Needing to know

Green is the colour of nature (photosynthesis) in reflecting the one colour it doesn’t need.

Things seen as causes of consciousness depend on an eventuality that is conspicuously more than those causes.

We know by the fact of knowing as much as of the fact of the facts known.

The fact that an objective world can be separated from our subjective world in an act of knowing owes to the fact of the subject, not the object.

It is a myth that science can explain the bigger picture by subtracting everything from the picture in order to identify an original cause.

Causality is a contextual reality in a context that now includes our line of sight.

The universe is incomplete in all its objective causes and states – which can now be seen as a prelude to the presence of an extensive subjective dimension.

Facts speak to us only insofar as we select them for that purpose.

Science remains a natural philosophy insofar as it doesn’t exist without the need to know – which an objective world doesn’t seem to share with us.

No fact exists on its own, especially a known fact – and the world alone is not enough to account for the fact of knowledge.

Science changes the world through the thinking by which the world became more than it was.

Every perceived fact is a fact made of perception.

It is not the facts that generate a truth or falsity, but our values – our vested interests held in a point of view.

It seems unthinkable that we need to think outside the world that ‘science has given us’ in order to see a world in which science represents but one form of thinking – in which thinking makes science what it is.

We become victims of our own prejudices in judging ourselves by the scientific standards we impose on the world.

Mike Laidler

Starting Points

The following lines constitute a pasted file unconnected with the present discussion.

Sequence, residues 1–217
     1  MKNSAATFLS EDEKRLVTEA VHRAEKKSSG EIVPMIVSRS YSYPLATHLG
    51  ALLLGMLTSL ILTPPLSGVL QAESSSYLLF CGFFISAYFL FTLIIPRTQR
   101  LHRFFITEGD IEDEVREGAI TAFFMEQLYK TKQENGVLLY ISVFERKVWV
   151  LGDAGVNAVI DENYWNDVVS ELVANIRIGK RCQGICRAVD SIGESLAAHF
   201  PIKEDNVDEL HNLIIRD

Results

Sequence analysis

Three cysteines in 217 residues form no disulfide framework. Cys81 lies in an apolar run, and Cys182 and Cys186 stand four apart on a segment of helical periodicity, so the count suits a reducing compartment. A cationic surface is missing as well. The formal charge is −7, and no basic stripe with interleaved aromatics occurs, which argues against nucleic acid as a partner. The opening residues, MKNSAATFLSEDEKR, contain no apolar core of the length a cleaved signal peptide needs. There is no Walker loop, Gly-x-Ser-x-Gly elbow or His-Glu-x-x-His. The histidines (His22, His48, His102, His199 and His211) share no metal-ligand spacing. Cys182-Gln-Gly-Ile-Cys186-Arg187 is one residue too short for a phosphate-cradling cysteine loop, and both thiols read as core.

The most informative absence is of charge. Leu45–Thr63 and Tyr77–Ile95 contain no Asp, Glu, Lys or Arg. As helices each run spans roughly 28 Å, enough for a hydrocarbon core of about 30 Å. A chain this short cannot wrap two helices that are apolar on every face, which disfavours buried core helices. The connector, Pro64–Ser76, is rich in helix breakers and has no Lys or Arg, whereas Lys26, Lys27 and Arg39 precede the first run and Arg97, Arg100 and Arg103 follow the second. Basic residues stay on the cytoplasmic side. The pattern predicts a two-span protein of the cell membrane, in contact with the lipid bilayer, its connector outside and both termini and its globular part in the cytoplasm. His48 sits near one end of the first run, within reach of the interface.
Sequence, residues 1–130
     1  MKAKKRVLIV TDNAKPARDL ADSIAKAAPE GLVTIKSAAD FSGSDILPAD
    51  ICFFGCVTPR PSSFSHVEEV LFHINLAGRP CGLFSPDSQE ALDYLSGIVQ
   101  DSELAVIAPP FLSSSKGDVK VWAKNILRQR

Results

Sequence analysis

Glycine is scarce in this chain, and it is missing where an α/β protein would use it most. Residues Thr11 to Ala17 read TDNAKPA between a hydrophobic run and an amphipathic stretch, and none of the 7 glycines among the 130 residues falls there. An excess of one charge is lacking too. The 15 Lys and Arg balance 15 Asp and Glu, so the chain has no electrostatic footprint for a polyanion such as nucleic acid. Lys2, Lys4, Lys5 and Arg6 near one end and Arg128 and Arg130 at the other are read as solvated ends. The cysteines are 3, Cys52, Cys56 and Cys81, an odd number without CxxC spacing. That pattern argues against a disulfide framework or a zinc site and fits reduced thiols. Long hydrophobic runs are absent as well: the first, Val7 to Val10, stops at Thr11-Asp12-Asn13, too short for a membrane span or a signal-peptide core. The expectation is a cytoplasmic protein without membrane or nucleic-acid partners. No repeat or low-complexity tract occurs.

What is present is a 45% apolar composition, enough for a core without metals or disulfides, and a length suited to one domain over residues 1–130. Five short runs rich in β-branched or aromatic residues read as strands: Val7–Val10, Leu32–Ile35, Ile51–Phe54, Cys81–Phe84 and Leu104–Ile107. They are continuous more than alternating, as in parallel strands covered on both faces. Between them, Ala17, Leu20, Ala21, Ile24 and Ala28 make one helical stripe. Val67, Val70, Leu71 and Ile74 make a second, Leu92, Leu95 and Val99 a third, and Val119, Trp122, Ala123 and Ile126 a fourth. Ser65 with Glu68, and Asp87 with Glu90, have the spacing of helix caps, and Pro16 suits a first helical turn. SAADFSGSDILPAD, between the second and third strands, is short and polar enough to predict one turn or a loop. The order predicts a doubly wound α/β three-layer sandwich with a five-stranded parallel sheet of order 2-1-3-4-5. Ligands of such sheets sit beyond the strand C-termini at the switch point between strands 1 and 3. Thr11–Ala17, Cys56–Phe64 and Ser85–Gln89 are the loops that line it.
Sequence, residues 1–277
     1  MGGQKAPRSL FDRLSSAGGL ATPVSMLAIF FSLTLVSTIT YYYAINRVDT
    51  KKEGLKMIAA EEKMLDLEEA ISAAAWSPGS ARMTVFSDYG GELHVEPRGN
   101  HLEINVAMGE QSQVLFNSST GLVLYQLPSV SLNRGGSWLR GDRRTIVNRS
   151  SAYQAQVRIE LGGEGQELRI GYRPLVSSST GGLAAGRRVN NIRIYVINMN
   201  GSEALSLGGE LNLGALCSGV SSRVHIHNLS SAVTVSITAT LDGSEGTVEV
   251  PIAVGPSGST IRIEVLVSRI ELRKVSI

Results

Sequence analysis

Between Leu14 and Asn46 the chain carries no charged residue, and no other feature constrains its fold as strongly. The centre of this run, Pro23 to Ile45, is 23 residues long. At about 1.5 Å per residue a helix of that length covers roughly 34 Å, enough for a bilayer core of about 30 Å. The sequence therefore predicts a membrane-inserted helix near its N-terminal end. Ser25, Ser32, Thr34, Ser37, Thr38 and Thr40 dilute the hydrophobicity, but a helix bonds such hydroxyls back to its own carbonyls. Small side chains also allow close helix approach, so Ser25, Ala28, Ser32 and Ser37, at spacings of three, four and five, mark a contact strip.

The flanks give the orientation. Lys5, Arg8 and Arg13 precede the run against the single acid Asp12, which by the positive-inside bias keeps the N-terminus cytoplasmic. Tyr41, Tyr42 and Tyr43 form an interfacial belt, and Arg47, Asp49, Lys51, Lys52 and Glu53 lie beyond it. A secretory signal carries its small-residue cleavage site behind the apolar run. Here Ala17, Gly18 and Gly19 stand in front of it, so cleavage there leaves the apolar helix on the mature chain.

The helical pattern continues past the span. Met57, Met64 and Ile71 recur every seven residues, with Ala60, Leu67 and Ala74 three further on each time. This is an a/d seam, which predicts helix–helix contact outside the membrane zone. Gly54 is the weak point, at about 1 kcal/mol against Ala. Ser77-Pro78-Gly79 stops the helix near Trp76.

Reality is a confluence of the is, the was and the will be. We live in a universe that is going somewhere in the process of becoming more than it was. We see ourselves in two worlds – the mental and the physical. Our mental world is characterised by thoughts and feelings, but it is not a world we can easily ascribe to a physical world outside. Yet we readily explain mentality in terms of its dependence on the physical, believing there can be no other source of its existence. This is because there is a part of the physical world that we claim as ours and identify with in our thoughts, namely the brain.

So we bear witness to an externality that merges with our subjective internality; but this is not an explanation because we also know that these two realities are worlds apart, unless we mean to claim that the physical world already incorporates a primitive form of consciousness. However, no explanation has ever done justice to our perspective on the difference, a perspective that occurs only because we have crossed the threshold into subjectivity.

Then is it not feasible to take our ideas off in another direction, beginning with the idea that subjectivity is a distinct property of existence that manifests in the physical under specific conditions, an example being ourselves? But still we are left with unsolved puzzles – of the origins of subjectivity in particular and physical existence in general, which remain unexplained, yet which we temporarily believe to be explained, at least in our case, by their observable association.

Perhaps we confound ourselves in thinking that change is explicable by tracing it to the point from which it is first observed. This is a rational notion so far as the observation of starting-points allows, but it soon becomes dubious when we try to hang onto the idea that change is explicable as a property of the things changing, as if change itself can be explained by those things as they were, unchanged and insensible – as if everything has to be the one thing, of the one nature, because it all has to have the same starting point.

© Mike Laidler 2015

Objective subjects

It shouldn’t surprise us to discover that we are good at being psychologists, seeing that we are our own subject matter.

But experts tell us that we need to be less subjective and more objective – to make objectivity the objective of subjectivity, so we can really surprise ourselves as we look upon ourselves as objects of the looking, thereby to get to know ourselves better.

However, there can be no objectivity without a subjective base to work from and return to with knowledge won – objectivity being a state of mind – whilst the fact of knowledge has no bearing in reality without a subjective reality to hold it in place, though we like to think it is otherwise, as if knowledge comes from the objects known.

Mike Laidler